[Videolib] Public performance rights question

Susan Albrecht (albrechs@wabash.edu)
Tue, 21 Sep 2004 13:19:18 -0500

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At 09:04 AM 9/21/2004 -0700, you wrote:
>I see. So you disagree that archives are able to preserve filmic elements
>as well as commercial entities? Or that no production company could be
>compelled to create an archival deposit negative and print positive or two
>with the proper authority? Or that just because archives are not now
>properly funded that they should remain so forever? I believe that these
>are issues that can be resolved to the benefit of all concerned. I know
>that some movies don't recoup their costs. So what? That doesn't prevent
>the archived original elements from continuing to exist. And the market
>(which seems to be a concern of yours) will take care of those "crappy 5th
>generation material[s]"; if there is no demand for them, no one will
>bother creating them. Just because production companies didn't take care
>of their prints/negatives in the past doesn't mean they will continue to
>do so. If these people truly cared about the art of the medium, they would
>be happy to donate original elements for posterity, but even if they
>didn't care, we can pass legislation requiring their compliance. The LOC
>and UCLA may laugh or cry, but I bet they would also be first in line to
>accept revenue to expand their operating budgets.
>You speak of incentives and profits as if those are the only reasons films
>are made. I say that's pretty narrow minded, and that's the nicest thing I
>can say.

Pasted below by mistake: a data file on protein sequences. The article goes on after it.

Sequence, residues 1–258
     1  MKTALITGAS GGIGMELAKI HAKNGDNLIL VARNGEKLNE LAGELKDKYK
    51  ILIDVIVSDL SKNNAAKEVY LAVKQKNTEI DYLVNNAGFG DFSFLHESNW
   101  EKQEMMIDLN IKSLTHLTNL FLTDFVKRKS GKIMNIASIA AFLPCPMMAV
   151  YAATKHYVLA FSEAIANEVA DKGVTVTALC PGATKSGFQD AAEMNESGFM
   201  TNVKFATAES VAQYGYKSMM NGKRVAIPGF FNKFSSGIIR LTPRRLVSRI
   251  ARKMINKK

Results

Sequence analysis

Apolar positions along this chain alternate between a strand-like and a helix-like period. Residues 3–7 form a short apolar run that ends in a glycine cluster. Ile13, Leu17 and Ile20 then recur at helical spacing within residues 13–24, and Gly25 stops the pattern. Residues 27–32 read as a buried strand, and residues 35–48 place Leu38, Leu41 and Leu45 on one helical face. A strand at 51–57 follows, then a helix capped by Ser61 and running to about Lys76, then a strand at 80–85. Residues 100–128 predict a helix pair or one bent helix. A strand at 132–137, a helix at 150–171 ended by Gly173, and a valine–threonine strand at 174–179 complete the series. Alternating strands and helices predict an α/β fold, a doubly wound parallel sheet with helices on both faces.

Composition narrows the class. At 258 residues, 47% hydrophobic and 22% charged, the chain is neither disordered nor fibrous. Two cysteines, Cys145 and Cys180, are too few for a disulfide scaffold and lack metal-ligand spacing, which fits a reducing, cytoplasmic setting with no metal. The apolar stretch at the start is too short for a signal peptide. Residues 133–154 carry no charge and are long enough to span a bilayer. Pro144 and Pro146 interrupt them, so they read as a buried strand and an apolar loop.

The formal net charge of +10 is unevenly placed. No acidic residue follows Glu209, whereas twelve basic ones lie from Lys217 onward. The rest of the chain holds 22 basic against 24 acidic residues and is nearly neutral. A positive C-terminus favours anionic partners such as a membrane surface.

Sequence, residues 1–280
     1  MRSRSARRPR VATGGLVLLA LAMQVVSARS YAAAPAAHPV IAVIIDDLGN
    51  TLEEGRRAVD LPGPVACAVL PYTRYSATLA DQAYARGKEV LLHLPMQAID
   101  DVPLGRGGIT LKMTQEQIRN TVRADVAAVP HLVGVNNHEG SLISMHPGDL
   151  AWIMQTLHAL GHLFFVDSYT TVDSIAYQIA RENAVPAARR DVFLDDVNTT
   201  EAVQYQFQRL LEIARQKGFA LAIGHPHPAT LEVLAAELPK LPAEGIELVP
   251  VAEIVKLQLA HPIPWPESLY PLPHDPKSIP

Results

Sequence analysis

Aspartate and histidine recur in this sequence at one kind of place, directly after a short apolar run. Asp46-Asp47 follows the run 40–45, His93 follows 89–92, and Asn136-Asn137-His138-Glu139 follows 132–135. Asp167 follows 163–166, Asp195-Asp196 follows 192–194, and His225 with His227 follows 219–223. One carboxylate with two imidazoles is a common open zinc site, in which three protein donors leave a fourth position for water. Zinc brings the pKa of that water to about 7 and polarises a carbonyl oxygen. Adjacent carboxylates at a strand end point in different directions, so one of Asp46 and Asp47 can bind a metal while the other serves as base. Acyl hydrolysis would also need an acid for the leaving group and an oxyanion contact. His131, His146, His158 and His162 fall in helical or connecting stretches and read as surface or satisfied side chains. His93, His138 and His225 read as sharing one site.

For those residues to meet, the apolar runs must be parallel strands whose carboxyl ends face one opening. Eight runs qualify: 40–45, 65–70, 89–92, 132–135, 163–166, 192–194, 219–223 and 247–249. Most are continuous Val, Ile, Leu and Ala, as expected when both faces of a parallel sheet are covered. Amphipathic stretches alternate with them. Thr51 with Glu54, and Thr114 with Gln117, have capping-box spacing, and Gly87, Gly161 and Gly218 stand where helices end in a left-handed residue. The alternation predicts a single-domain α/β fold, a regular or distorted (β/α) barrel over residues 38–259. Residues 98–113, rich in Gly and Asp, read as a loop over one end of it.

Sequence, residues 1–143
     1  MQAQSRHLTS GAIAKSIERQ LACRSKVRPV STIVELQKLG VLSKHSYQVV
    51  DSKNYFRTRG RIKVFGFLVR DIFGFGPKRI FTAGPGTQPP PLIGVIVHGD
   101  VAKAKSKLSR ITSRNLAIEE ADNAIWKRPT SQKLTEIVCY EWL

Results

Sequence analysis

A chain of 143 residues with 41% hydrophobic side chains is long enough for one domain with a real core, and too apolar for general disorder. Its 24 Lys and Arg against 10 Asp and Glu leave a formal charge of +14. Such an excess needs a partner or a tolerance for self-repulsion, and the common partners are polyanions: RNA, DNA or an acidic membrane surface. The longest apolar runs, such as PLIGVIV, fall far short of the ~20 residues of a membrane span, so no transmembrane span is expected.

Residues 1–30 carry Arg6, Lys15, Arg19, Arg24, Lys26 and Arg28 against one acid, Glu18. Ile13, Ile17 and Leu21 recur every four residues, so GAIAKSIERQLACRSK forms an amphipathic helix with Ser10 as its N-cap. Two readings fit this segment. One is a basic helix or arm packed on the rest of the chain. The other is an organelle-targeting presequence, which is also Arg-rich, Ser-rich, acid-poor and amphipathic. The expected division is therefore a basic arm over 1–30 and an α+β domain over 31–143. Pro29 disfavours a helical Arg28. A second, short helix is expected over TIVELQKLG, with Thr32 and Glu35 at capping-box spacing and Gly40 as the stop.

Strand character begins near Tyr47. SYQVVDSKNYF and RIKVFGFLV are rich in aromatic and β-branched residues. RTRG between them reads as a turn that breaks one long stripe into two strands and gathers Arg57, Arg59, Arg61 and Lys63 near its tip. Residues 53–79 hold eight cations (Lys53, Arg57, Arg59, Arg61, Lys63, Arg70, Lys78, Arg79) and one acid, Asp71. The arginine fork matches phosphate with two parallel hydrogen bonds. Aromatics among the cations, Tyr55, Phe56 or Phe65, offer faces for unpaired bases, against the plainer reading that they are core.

"we can pass legislation requiring their compliance." Who was it the
other day who was worried about a totalitarian state?

Also, Bryan, I DON'T believe the claim was ever that archives *can't* do
this kind of work nor that they *should* remain not properly funded; it's
more that they *are* not properly funded. I would love to know how you
envision these funds being procured? In a time when the current
administration feels the need to divert $3billion+ from Iraqi
infrastructure rebuilding to shoring up security there [apparently we can't
afford to do both], in a time when federally-mandated No Child Left Behind
is underfunded by $9.5 - $32 billion [depending upon whose study you look
at], in a time when many state budgets are in the red, how can we expect
there to be an outpouring of support for funding archives & film
preservation via the public sector?

Susan, who promises to stop now, too.

Susan Albrecht
Acquisitions Coordinator
Wabash College Lilly Library
Crawfordsville, IN

"If you choose not to decide, you still have made a choice."--Neil Peart

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